She followed the Visigoths in their move from the Italian Peninsula to Gaul in 412. Their ruler Ataulf, having succeeded Alaric, entered an alliance with Honorius against Jovinus and Sebastianus, rival Western Roman emperors located in Gaul, he managed to defeat and execute both Gallo-Roman emperors in 413. After the heads of Sebastianus and Jovinus arrived at Honorius' court in Ravenna in late August, to be forwarded for display among other usurpers on the walls of Carthage, relations between Ataulf and Honorius improved sufficiently for Ataulf to cement them by marrying Galla Placidia at Narbonne on January 1, 414; the nuptials were celebrated with high Roman festivities and magnificent gifts from the Gothic booty. Priscus Attalus gave a classical epithalamium; the marriage was recorded by Hydatius. The historian Jordanes states. Jordanes's date may be when she and the Gothic king first became more than captor and captive. Placidia and Ataulf had Theodosius, he was born in Barcelona by the end of 414.
Theodosius died early in the following year, thus eliminating an opportunity for a Romano-Visigothic line. Years the corpse was exhumed and reburied in the imperial mausoleum in Old St. Peter's Basilica, Rome. In Hispania, Ataulf imprudently accepted into his service a man identified as "Dubius" or "Eberwolf", a former follower of Sarus. Sarus was a Germanic chieftain, killed while fighting under Jovinus and
Pingyao Pingyao Ancient City, is a settlement in central Shanxi, famed for its importance in Chinese economic history and for its well-preserved Ming and Qing urban planning and architecture. Administratively, it comprises the town of Gutao in Pingyao County in Jinzhong Prefecture, it has a population of about 50,000. The town is first recorded c. 800 BC and has been the seat of local government since at least the Qin. By the 16th century, it was a regional financial hub, it is a AAAAA-rated tourist attraction. There was a settlement in place at Pingyao by the reign of the Xuan King, when the Zhou raised earthen ramparts around the site. In the Spring and Autumn period, the county belonged to the kingdom of Jin, it was part of the kingdom of Zhao in the Warring States period. Under the Qin, it was known as Pingtao. During the Han Dynasty, it was known as the seat of Zhongdu County. Pingyao served as the financial center of the region from the 16th century and of the entire Qing Empire during the late 19th century.
During those times, there were more than 20 financial institutions within the city, comprising more than half of the total in the whole country. Rishengchang was the first and largest, controlling half of China's silver trade under the late Qing before going bankrupt in 1914 in the aftermath of the Xinhai Revolution. Organized restorations have been undertaken periodically since the 15th century, the most recent phase beginning in 1979. In 1986, China designated Pingyao as one of the Chinese Cultural Cities, it became a World Heritage Site in 1997, including the outlying Zhenguo Shuanglin Temple. In 2004, part of the southern walls collapsed. In 2015, Pingyao ancient city became a national 5A-class tourist attraction. Pingyao is located on the east bank of the Fen River near the southwestern edge of the Taiyuan Basin, it is 100 km south of central Taiyuan and 715 km southwest of Beijing, the national capital. Pingyao County is adjacent to Qi County, whose seat is a protected historic and cultural city.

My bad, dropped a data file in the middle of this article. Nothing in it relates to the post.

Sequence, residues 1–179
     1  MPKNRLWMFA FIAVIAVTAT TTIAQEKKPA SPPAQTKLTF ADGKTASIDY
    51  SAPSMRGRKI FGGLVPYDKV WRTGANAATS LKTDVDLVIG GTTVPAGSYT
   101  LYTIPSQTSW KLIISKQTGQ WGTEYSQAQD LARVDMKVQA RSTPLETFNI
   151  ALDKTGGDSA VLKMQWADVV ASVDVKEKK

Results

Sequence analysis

The climate of Pingyao is temperate. It’s cold in winter having northwestern winds with little snow and severe fog. In the spring, the temperature varies between day and night, with a little rain and some winds. Summertime is hot and rainy. Autumn days have falling temperatures with little rain and are cool and clear with abundant sunshine. Pingyao still retains its urban layout from the Ming and Qing dynasties, conforming to a typical ba gua pattern. More than 300 sites in or near the city have ancient ruins; the city has over a hundred streets and lanes, lined with close to 4,000 17th–19th century shops and residences. The streets and storefronts still retain their historical appearance; the city walls of Pingyao were constructed in the 3rd year of the Hongwu Emperor of the Ming. They enclose an area of about 2.25 km2. The town is accessed by six barbican gates, one each on the north and south walls and two each on the east and west walls; this pattern is similar to that of a turtle, earning Pingyao the moniker "Turtle City."